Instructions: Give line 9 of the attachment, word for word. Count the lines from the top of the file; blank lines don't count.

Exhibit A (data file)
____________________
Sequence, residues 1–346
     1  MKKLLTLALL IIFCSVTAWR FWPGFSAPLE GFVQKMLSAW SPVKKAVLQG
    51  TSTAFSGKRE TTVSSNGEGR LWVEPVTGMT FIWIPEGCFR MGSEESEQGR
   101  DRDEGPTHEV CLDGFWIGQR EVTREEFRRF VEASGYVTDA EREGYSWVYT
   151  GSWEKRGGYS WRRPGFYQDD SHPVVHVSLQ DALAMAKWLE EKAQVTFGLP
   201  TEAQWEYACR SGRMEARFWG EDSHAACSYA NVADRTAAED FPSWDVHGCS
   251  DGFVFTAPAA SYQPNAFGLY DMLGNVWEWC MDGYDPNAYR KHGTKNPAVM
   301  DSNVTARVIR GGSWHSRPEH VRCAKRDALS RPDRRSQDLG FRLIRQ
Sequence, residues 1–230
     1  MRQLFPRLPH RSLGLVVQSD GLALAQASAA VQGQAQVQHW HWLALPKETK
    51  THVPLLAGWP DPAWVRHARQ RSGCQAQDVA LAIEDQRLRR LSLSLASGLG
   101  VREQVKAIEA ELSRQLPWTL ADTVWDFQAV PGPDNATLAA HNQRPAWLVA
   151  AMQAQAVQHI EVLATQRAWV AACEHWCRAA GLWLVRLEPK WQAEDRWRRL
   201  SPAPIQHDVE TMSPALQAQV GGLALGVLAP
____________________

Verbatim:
Sequence, residues 1–230